- The test marked the first time a craft used a liquid-methane-burning engine to lift itself that high.
- The successful test paves the way for larger-scale tests of Starship prototypes.
- SpaceX could send Starship to Mars by as early as 2024. More realistically, the company plans to use the rocket to conduct cargo missions in 2021.
Spacex successfully on Tuesday completed its highest and most difficult test of Starhopper, the early-stage prototype of the spaceship CEO Elon Musk hopes will someday transport humans to Mars and beyond.
In a video of the test at SpaceX’s test site in Boca Chica, Texas, the prototype craft — which some say resembles a flying water tower — can be seen lifting itself about 500 feet in the air, hovering for about 10 seconds, and finally descending back to ground, stirring up a cloud of dust in the process.
At first glance, the test might not seem too impressive. But it marked the first time a craft used a liquid-methane-burning engine to fly that high above the ground, serving as a proof-of-concept that SpaceX can use to move forward confidently with full-scale prototypes of Starship. These prototypes — which SpaceX is calling Mk1 and Mk2 — will pave the way for future moon and Mars missions using Starship.
Starship is set to use six SpaceX Raptor engines, which are a family of methane-fueled SpaceX engines that the company plans to use on interplanetary missions. (For context: Starhopper used a single Raptor engine; Mk1 and Mk2 will probably use three each; and the “Super Heavy” rocket is set to use 35.) However, Musk said Starship’s specifications might get updated after SpaceX reviews data from Tuesday’s test.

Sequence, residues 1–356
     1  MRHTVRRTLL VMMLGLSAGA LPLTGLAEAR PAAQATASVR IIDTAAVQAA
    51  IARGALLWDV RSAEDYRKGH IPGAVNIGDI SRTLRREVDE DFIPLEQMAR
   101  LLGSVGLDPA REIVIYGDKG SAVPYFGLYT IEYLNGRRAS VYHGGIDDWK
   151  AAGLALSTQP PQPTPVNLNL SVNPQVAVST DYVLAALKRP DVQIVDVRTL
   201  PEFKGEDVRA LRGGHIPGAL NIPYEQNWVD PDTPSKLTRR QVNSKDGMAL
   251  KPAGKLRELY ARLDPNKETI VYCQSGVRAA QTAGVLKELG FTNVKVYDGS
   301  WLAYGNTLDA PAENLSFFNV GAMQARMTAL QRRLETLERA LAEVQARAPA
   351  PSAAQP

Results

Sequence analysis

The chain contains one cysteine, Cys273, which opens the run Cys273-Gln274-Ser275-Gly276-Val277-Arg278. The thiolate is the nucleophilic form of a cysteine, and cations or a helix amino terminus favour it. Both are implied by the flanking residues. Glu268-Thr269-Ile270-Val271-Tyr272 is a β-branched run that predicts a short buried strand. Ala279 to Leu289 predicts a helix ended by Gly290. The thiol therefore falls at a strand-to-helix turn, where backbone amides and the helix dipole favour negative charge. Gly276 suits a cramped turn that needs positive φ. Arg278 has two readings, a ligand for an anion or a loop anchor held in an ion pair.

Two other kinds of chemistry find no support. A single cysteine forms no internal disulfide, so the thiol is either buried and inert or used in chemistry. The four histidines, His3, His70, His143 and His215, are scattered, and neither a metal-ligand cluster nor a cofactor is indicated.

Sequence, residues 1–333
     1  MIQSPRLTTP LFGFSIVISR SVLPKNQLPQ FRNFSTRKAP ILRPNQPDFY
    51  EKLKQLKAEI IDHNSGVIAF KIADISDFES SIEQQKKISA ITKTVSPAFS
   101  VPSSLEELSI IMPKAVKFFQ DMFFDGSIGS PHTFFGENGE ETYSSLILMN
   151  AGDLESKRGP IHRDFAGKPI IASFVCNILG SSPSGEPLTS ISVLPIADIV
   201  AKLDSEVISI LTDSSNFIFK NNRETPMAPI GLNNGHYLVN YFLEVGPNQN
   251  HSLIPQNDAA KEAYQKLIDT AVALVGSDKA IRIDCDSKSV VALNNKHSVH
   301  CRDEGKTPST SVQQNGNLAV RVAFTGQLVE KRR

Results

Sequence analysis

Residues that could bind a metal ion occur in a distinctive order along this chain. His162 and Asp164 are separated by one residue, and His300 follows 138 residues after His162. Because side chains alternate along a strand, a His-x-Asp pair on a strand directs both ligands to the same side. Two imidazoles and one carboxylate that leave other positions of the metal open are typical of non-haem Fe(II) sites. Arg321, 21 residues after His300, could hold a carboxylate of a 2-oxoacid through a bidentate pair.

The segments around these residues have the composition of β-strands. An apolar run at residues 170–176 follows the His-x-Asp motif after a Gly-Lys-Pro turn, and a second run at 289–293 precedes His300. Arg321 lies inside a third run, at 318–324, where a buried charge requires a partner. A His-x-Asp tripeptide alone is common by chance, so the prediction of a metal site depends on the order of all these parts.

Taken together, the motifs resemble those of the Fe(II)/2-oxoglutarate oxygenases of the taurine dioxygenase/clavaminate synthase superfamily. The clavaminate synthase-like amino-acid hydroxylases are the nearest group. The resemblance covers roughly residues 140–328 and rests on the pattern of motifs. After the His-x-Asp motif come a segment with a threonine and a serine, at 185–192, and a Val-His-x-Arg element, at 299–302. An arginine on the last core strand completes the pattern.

As for Starhopper, Tuesday’s test was its last. But although Starhopper will never make it to space, SpaceX plans to make use of the experimental craft on Earth.
“Yes, last flight for Hopper,” Musk said via Twitter on Saturday. “If all goes well, it will become a vertical test stand for Raptor.”
Starship is set to be a 100-passenger spacecraft that will be launched off of Earth by SpaceX’s Big Falcon Rocket, or “Super Heavy” rocket. But Starship is unique because it’s also a rocket unto itself, one that’s designed to land on and take off from distant planets all on its own. It’s also unique because it’s fueled by liquid methane and liquid oxygen, both of which are gasses that could theoretically be produced on other planets and used to refuel the craft.
What’s next for Starship? It’s hard to say exactly — in part because Musk is known for setting aspirational timelines — but, based on the company’s statements, you might expect to see Starship:
Even if SpaceX doesn’t send humans to Mars by 2026, Musk is confident Starship will get the job done someday.
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This article was originally posted on Big Think